The Clean Air Strategy is a start, but a missed opportunity
Pauline from our policy team explains that the Clean Air Strategy is a good start, but if the government really wants to help and support people with lung conditions, it needs to go much further.
The government has published its final Clean Air Strategy, which recognises the huge impact air pollution has on all our health.
It promises new ways to inform the public about air pollution levels and provide health advice, aiming to reduce the number of people exposed to unsafe levels of pollution by 2025, and acknowledges that the World Health Organisation’s (WHO) limit for particulate pollution is the best standard to aim for.
At first look, it seems like a great plan. But what's actually going to change?
It's a missed opportunity
The Clean Air Strategy contains several undeniably good points on how to deal with air quality. But in reality, it's a missed opportunity.
That's because the new strategy doesn't commit to adopting World Health Organisation's limit for fine particulate matter (also known as PM2.5 - one of the most dangerous types of air pollution) in the upcoming Environment Bill.
This is a crucial thing to have missed. We've written before about why we desperately need a new legal limit for particulate matter pollution after our discovery that over 2,000 health centres in the UK are located in areas with unsafe levels of PM2.5.
So it's is a step in the right direction, but we needed to see a commitment to ensure no one is exposed to toxic air, which we didn't get.
It's a shame. It would have been a bold and meaningful way to reassure the public that the government is taking air pollution seriously and that words will be translated into action without further delay.
Why you should care about air pollution
We've been aware of damage the UK's air pollution crisis has been causing since long before it started hitting headlines.
Nine out of 10 patients we support told us they struggled to breathe during high pollution episodes. For these people, air pollution has a very real and serious impact on their quality of life. It gets in the way of their everyday activities such as going to work, shopping and meeting with friends and family.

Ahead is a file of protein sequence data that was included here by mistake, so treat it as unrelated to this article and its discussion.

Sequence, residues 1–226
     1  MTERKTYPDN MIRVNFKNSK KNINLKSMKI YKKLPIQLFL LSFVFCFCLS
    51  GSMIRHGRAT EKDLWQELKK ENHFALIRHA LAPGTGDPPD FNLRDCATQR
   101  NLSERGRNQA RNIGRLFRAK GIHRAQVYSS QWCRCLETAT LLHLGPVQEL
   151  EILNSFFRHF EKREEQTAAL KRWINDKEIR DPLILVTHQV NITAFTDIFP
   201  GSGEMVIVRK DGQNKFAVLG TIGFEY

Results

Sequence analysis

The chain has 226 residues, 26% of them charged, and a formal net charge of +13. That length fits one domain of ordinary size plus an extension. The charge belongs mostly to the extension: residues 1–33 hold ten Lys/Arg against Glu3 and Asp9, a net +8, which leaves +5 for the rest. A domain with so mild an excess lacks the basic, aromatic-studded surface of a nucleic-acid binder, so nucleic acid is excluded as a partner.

Air pollution is bad for everyone, but for the 12 million people in the UK who live with a lung condition, such as asthma, COPD or IPF, it poses a real and immediate threat to their health.
If you live with a lung condition, a spike in air pollution levels can lead to your symptoms getting worse, flare-ups and even the risk of going to hospital.
Children at risk
We also know that children are vulnerable to air pollution because their lungs are still growing and because of their height which can put them directly in the path of fumes coming from exhaust pipes. The damage done to their lungs can last a lifetime.
Children living in polluted areas are more likely to have underdeveloped lungs, and children with smaller lungs are more likely to face further problems in later life.
What happens next?
Clean air is expected to be part of the Environment Bill. It's the perfect opportunity to put the WHO's important recommended limit into legislation. The government and local authorities would have to start working towards it now.
But you can be sure we’ll be fighting for clean air every step of the way. I’ll be talking to MPs in the next month and we’ll pressure them to make sure the new environment bill is as strong as possible. Our children deserve to breathe clean air and we won’t stop until that’s a reality.